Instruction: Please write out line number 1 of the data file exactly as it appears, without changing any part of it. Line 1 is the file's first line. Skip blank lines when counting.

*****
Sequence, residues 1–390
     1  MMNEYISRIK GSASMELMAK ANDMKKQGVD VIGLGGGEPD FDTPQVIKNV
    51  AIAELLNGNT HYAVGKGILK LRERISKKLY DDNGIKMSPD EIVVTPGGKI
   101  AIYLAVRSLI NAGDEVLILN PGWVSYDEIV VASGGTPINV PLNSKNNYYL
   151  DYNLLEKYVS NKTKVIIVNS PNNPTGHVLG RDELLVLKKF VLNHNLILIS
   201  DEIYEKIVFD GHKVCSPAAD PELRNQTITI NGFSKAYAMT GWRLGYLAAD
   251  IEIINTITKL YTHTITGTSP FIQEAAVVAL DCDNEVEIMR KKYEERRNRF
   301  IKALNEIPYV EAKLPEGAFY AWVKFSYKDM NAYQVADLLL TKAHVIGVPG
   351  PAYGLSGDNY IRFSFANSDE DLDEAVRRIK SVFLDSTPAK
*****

Sequence, residues 1–390